I have to hop on the no pony bandwagon. My daughter started riding at 2.5 and it was on a small horse from a friends school. The horse was super trustworthy and had been there and done that thousands of times. That is the type of horse that you need IMO. When my daughter moved to ponies at age 5 it was a long search to find a pony that wasn't a saucy little devil. That having been said we have a pony now that is a saint, so they are out there!
As a general rule I think that ponies will often try to take advantaged of the little ones, plus the short stride makes the trot and canter seem so much faster. If you are looking for something for a camp with beginners I would stick to the smaller horses. I know that at our barn's camp the kids can't handle the small pony and tend to struggle to keep him under control. He isn't a bad boy, just aware of the lack of experience and willing to take advantage.
i don't have time or interest to read all these posts. Small children should 9 times out of 10 be started on size appropriate mounts. Make what you do size approprite.
The reasons ponies have a bad rap? Because they are only handled by kids. Ponies like horses need a good training start in life. And they continue throughout their lives to need adults around. Horses are not puppies and kitties.Imagine a OTTB that was then only handled by children. It would be a disaster. Ponies are just like horses. Good training is good training.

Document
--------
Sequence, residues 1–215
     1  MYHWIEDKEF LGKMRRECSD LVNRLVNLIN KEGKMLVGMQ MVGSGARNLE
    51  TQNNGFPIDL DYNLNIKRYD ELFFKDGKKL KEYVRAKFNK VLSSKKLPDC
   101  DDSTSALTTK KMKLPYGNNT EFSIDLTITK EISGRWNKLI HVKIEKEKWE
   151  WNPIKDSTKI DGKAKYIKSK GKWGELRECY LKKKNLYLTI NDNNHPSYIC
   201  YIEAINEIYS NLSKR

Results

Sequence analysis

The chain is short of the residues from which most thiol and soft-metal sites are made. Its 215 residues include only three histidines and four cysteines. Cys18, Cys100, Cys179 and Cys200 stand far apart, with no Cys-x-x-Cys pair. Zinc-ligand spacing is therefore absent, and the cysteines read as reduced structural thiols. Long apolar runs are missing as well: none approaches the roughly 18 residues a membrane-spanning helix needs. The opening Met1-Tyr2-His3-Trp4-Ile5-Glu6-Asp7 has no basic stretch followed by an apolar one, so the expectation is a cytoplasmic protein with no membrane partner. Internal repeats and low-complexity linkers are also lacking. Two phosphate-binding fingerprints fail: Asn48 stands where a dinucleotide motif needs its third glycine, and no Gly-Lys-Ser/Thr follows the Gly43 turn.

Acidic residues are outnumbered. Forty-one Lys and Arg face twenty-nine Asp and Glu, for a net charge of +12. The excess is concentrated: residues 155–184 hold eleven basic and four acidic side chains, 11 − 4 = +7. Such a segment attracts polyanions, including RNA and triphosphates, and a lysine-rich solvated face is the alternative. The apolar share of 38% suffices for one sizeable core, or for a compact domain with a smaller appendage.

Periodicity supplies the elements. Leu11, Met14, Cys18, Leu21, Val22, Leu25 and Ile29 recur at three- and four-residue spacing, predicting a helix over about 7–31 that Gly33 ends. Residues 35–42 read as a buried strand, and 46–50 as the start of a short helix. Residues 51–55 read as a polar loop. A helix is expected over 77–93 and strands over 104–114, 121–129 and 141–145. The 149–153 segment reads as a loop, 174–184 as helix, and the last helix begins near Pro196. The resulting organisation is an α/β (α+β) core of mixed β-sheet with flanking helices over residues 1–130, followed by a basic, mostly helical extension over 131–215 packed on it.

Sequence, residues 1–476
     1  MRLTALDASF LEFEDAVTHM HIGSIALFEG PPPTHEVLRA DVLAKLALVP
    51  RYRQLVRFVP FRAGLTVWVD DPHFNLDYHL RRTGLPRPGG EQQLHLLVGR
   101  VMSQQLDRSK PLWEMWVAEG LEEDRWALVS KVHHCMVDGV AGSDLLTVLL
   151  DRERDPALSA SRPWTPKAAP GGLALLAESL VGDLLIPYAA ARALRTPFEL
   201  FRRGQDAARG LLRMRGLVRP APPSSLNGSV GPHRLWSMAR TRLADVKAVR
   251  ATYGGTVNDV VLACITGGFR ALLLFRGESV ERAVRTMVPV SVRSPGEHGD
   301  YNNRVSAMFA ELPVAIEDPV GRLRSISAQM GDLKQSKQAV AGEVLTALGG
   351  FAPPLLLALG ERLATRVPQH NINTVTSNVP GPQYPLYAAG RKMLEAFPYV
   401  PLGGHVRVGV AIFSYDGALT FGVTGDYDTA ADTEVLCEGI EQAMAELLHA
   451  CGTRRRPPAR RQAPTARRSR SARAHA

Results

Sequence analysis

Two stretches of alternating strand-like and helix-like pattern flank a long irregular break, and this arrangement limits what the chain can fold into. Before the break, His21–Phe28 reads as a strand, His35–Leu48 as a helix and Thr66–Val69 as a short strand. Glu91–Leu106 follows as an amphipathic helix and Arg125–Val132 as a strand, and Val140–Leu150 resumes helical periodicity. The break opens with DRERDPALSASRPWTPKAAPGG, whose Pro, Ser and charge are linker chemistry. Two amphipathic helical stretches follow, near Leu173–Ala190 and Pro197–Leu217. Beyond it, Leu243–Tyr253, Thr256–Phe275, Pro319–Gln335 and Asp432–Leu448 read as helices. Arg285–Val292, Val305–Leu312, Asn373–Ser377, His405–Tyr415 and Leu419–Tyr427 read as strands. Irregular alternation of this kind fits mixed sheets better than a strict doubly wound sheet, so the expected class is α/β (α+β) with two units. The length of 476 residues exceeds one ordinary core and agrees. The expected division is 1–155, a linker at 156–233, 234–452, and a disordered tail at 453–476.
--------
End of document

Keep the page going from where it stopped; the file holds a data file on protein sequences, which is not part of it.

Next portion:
One more thing op. Well really a question. I've been helping a friend look for a med and large pony as well as small horses. What I have found to find a good, kid safe easy pony the price is not cheap. Seen some in the 5 to 6k range and either they are dead sided, to leg, spur and crops or they have a crow hop in them. The really good ones are over 10k in my area, not sure about your area. But, the small horses that are great run in the 2 to 5k range and are much easier. So I guess the question is, does the person in question have the funds to purchase really easy to ride ponies? Are you looking at something already jumping with changes or can you put that on them?
Honestly, I'm of the start on a solid HORSE first then go to the pony. Timing the up/down on a horse is much easier than a pony. Actual jumping? If you can find a VERY trustworthy soul of a pony then have at it. I started on a 15hh appaloosa and didn't even get to the ponies until much later and that was only because I was short enough and strong enough to make them behave for their poor owners. I still wouldn't wish a shetland on anyone I loved and though DD currently rides a pony she started on a 16hh perch/tb cross that was worth her weight in gold. If you really really want a lesson pony and don't want to pay through the nose for one buy it young and teach it yourself. Most lesson programs won't even part with their ponies as is the case with DD's. He's in his 20s and has tude to spare but he's never been out of the ribbons and there has been many many offers for him. (Including mine).
Size of mount is not my first consideration. I go for safe and somewhat easy, so that is often old geezer horses that generally are worth their weight in gold. I put together a group purchase for another barn and their criteria was 1) nothing younger than 15, 2) able to W/T/C great if it can jump a little 3)pass a vet check OK for its age and intended use 4) any size
I bought 8 horses for them and only 1 ended up being a pony. This barn does a ton of pee wee riders.
Don't getstuck on the idea that every cute little kid NEEDS to start on a pony. They need to start on something safe that builds their skills and confidence